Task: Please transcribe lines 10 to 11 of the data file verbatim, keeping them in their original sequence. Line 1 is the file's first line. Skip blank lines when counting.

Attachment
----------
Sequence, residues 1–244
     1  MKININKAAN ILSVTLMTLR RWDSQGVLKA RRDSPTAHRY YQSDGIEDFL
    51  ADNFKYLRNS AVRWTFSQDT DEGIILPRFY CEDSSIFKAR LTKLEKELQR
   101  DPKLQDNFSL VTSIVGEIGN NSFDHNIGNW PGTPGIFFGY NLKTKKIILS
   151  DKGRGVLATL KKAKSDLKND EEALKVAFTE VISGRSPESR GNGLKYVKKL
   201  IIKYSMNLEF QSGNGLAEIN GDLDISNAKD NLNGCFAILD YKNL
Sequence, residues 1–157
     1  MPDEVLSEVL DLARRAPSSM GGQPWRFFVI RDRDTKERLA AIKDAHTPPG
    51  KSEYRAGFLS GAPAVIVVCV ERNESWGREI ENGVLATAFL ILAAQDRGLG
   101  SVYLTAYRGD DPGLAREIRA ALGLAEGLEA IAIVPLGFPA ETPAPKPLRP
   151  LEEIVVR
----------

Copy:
   101  SVYLTAYRGD DPGLAREIRA ALGLAEGLEA IAIVPLGFPA ETPAPKPLRP
   151  LEEIVVR